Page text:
1 March 2005
You gotta know when to hold 'em
And, conversely, when to let them go. In the case of José Padilla, [link requires Adobe Reader] the Bush Administration was given a sharp reminder of the latter by the US District Court for South Carolina.
"The Privilege of the Writ of Habeas Corpus shall not be suspended, unless when in Cases of Rebellion or Invasion the public Safety may require it." Const. Art. 1, § 9, cl. 2. This power belongs solely to Congress. Since Congress has not acted to suspend the writ, and neither the President nor this Court have the ability to do so, in light of the findings above, Petitioner must be released.
If the law in its current state is found by the President to be insufficient to protect this country from terrorist plots, such as the one alleged here, then the President should prevail upon Congress to remedy the problem. For instance, if the Government's purpose in detaining Petitioner as an enemy combatant is to prevent him from "returning to the field of battle and taking up arms once again[,]" Hamdi, 124 S.Ct at 2640, but the President thinks that the laws do not provide the necessary and appropriate measures to provide for that goal, then the President should approach Congress and request that it make proper modifications to the law. As Congress has already demonstrated, it stands ready to carefully consider, and often accomodate, such significant requests.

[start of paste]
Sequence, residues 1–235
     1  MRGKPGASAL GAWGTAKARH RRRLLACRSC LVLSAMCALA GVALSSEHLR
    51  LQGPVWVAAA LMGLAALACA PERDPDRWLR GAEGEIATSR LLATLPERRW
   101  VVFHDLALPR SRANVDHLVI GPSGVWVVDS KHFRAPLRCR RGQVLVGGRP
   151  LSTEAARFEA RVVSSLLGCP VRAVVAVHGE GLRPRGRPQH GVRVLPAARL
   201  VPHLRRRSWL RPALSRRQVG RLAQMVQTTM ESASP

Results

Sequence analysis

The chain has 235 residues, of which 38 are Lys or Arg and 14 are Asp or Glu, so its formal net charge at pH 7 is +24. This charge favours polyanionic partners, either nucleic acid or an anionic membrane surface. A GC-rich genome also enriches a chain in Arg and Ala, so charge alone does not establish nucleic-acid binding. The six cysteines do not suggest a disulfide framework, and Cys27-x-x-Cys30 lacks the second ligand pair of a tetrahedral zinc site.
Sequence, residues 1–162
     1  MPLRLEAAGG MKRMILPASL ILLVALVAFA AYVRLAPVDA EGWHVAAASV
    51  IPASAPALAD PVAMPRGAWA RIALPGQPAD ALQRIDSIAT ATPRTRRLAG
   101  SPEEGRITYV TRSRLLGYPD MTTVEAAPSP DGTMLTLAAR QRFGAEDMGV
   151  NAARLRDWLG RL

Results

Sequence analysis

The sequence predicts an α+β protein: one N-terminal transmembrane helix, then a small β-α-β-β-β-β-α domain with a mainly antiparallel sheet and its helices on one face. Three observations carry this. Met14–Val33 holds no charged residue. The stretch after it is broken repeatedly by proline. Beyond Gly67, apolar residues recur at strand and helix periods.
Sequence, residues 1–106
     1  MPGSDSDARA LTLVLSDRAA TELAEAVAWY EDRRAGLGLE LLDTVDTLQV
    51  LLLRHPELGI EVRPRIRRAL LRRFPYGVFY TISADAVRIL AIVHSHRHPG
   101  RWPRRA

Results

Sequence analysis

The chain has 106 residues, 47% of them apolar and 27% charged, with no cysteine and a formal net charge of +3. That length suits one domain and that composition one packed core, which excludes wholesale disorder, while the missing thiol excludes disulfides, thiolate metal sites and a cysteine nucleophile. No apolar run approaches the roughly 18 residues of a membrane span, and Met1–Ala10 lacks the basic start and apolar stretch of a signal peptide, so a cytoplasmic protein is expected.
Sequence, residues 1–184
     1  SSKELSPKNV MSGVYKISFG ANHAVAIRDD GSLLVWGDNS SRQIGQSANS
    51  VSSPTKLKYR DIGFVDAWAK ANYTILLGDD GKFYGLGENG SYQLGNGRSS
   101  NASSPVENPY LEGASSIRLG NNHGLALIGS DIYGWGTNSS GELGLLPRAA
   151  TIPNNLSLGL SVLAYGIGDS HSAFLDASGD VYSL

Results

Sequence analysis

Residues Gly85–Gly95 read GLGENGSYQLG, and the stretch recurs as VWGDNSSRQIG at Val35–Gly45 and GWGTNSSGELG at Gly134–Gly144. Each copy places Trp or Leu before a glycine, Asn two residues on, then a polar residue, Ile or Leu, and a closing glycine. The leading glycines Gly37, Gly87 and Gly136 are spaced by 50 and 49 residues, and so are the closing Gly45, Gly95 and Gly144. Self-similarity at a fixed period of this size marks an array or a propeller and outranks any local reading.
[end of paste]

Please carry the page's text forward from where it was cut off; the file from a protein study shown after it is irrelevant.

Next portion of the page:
The Court ordered the government to charge Padilla, to name him as a material witness in an actual case, or to release him, within forty-five days.
(From SCOTUSblog via New World Man.)